Zygote Intrafallopian Transfer (ZIFT)
If you are having difficulties becoming pregnant, then you may already have investigated or tried a number of different fertility treatments. Assisted reproductive technology can often help couples to conceive. However, it may take many treatment attempts before pregnancy is achieved. If you have experienced a number of failed treatment cycles, zygote intrafallopian transfer may be the procedure for you. The ZIFT procedure has a number of advantages over other fertility treatments and is associated with fairly high success rates.
What is Zygote Intrafallopian Transfer?
Zygote intrafallopian transfer, or ZIFT, is a form of assisted reproductive technology. It combines IVF with gamete intrafallopian transfer (GIFT) in order to produce a pregnancy. During ZIFT, your eggs are fertilized with your partner’s sperm in a laboratory. Once these eggs have been fertilized, they are transplanted into your fallopian tubes through laparoscopic surgery. Here, the fertilized egg, or zygote, can move down the fallopian tube and into your uterus, where it can implant.
How Common Is Zygote Intrafallopian Transfer?
Unfortunately, ZIFT is not that common a procedure in the United States. ZIFT is considered to be one of the most invasive types of fertility treatments available to infertile couples. As a result, ZIFT accounts for only 1% of all ART procedures. However, the availability of ZIFT is increasing, and last year more than 280 ZIFT babies were born in the United States.
Who Can Benefit from Zygote Intrafallopian Transfer?
Because ZIFT is a fairly invasive procedure, only certain couples are advised to try it out. You may be a candidate for ZIFT if:
- You have ovulation problems
- Your partner has a low sperm count
- You have been unable to achieve pregnancy after a year of trying
- You have had 5 or more failed cycles of intrauterine insemination (IUI)
- Your fallopian tubes are unblocked
Who Isn’t Suitable for Zygote Intrafallopian Transfer?
Certain couples aren’t suitable for the ZIFT procedure. If you suffer from any of the following complications, ZIFT may not work for you:
- blocked fallopian tubes
- severely damaged fallopian tubes
- uterine abnormalities (such as uterine adhesions or a malformed uterus)
The Zygote Intrafallopian Transfer Procedure
The ZIFT procedure takes about four to six weeks to complete. It is sometimes necessary to go through more than one cycle to achieve a pregnancy. ZIFT generally takes place as follows:
- You will be given fertility drugs to help stimulate your ovaries to produce multiple eggs
- Once your eggs have matured, they will be removed through egg retrieval
- In your clinic’s laboratory, your eggs will be combined with your partner’s sperm and monitored for fertilization.
- After one day, your fertilized egg will become ready to divide. At this stage the embryo is referred to as a zygote.
- 1 to 4 zygotes will be placed inside your fallopian tubes through laparoscopic surgery. Your surgeon will make a small incision in your abdomen. She will then inject the zygotes into your fallopian tubes.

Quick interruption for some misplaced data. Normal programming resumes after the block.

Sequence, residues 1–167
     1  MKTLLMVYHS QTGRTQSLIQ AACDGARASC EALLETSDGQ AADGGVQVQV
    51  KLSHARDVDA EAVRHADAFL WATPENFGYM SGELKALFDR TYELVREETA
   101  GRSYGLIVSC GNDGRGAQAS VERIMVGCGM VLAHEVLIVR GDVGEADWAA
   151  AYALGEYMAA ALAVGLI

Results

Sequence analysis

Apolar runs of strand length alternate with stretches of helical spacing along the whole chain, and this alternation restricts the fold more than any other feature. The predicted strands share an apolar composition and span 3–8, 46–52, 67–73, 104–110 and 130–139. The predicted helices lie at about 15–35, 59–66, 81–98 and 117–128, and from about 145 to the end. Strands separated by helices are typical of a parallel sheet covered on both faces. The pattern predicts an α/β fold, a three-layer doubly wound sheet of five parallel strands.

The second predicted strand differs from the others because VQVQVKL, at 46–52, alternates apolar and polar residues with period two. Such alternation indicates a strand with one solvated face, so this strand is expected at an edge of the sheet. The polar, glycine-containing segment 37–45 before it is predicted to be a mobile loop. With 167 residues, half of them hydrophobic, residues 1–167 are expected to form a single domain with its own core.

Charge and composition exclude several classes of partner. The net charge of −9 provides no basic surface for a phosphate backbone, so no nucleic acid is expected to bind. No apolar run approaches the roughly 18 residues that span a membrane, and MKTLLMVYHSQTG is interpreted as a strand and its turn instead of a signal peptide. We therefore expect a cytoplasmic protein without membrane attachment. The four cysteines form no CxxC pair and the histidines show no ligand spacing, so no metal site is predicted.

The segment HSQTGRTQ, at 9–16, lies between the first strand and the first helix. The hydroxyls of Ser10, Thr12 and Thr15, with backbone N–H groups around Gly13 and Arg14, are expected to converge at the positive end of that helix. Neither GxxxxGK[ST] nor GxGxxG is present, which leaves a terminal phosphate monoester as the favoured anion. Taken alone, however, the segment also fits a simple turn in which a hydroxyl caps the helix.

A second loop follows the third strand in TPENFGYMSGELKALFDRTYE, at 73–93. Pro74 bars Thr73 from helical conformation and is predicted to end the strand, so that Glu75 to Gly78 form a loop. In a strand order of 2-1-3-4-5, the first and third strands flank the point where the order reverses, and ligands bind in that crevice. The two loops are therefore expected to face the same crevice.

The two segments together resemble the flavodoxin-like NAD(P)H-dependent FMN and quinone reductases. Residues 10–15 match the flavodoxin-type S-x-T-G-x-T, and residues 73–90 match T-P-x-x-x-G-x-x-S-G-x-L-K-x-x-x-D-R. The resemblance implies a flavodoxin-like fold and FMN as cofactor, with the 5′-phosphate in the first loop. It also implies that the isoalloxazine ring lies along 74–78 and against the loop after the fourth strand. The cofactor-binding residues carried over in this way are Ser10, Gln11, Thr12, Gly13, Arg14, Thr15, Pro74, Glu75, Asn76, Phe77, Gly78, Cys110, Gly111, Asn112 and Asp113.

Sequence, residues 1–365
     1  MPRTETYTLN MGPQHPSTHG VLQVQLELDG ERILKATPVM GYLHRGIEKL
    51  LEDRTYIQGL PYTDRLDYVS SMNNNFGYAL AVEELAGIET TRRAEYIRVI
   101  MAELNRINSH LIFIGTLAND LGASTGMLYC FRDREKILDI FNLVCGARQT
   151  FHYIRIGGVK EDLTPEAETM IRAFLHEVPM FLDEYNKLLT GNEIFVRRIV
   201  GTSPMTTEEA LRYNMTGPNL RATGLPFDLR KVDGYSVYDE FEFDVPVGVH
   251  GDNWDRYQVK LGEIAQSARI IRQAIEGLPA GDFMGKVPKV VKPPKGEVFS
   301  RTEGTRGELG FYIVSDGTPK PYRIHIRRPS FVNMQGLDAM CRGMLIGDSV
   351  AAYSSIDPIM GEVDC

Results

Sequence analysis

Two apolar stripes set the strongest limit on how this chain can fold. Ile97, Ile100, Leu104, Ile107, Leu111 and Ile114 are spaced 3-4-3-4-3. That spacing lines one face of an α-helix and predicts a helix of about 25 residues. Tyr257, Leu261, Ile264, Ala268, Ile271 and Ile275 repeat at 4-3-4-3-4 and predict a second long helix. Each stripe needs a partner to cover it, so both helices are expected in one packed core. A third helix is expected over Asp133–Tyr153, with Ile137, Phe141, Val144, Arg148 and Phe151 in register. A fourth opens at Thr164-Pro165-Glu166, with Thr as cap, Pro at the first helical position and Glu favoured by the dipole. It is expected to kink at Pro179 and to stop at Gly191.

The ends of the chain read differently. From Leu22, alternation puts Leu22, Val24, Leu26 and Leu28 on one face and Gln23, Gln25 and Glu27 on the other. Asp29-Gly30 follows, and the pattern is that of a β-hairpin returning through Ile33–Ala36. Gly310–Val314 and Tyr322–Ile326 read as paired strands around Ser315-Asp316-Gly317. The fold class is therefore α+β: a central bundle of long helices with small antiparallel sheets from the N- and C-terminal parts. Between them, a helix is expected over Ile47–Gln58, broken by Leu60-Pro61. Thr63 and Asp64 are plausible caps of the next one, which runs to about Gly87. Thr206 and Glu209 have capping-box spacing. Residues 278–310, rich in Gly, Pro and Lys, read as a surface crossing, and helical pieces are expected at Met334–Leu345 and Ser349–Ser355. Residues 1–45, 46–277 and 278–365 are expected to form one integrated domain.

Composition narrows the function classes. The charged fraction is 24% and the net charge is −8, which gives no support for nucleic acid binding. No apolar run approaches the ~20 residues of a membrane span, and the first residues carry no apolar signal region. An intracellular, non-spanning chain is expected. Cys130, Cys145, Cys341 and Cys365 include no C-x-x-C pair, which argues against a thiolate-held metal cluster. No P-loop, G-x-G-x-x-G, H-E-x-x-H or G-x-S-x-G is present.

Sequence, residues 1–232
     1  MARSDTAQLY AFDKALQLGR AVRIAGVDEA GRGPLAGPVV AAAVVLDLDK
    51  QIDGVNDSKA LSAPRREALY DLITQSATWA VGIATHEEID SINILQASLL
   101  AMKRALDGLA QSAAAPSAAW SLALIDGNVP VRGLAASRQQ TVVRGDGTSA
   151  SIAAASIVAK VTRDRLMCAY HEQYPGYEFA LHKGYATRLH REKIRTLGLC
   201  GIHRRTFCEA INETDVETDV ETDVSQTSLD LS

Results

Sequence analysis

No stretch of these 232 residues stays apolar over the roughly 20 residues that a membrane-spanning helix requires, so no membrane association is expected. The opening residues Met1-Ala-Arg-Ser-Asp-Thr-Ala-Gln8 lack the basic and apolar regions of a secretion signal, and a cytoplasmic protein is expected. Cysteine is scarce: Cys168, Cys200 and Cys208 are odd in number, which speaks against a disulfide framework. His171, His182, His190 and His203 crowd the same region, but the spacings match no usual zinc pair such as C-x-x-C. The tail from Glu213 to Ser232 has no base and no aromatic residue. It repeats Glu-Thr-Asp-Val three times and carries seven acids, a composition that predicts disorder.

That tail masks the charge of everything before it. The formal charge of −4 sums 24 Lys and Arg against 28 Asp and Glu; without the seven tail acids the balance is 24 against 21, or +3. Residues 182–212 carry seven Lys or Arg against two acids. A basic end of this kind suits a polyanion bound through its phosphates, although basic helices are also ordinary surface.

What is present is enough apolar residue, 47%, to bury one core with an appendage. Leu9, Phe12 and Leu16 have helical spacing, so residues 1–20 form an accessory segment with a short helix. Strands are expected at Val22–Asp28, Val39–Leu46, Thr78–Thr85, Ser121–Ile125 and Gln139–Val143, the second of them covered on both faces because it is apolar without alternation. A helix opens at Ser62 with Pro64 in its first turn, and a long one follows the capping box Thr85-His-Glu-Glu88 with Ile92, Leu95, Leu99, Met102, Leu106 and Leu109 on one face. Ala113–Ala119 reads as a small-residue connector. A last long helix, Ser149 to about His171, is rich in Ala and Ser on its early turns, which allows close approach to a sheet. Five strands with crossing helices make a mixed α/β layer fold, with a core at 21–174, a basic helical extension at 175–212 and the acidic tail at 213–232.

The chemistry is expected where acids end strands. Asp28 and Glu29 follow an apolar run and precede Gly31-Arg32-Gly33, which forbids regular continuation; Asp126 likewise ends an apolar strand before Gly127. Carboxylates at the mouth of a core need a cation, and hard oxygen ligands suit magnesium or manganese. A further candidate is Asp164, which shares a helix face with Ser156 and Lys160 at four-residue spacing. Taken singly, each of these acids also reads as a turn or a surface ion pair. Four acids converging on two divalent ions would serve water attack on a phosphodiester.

- You will be monitored for implantation and pregnancy over the next few days.
The success of ZIFT really depends upon your age as well as your specific fertility issues. Younger women tend to have higher success rates while older women tend to have lower success rates. On average, 36% of ZIFT recipients become pregnant during a cycle. 29% of these pregnancies are carried to term.
Advantages of ZIFT
Though invasive, ZIFT does offer some advantages that other fertility treatments do not. During ZIFT, your reproductive endocrinologist can make sure that your eggs are fertilized before they are implanted in your fallopian tubes. With GIFT, it is only a mixture of sperm and eggs that is implanted, not a fertilized egg. With ZIFT, your embryo also has the opportunity to travel through the fallopian tube and into the uterus on its own. Some couples feel that this is a more natural way of conceiving a child.
Disadvantages of ZIFT
ZIFT does come along with some disadvantages. ZIFT is a highly invasive surgery that requires two separate surgical procedures: one to remove your eggs and another to implant your zygotes. ZIFT is also very expensive, costing upwards of about $13,000 per cycle. Additionally, ZIFT can increase your chances of having a multiple pregnancy. 35% of ZIFT pregnancies are, in fact, multiples. Carrying multiple fetuses can increase your risk of miscarriage and preterm labor.
ZIFT or GIFT?
If you are trying to decide on a fertility treatment, you may be thinking about both ZIFT and GIFT as alternatives. It is generally recommended that you try GIFT first. GIFT is less expensive and carries less risk of ectopic pregnancy and multiple births. If GIFT is unsuccessful, then you may wish to pursue ZIFT. However, if you have had continued difficulties becoming pregnant, you may want to proceed straight to ZIFT. Discuss your treatment options with your reproductive endocrinologist.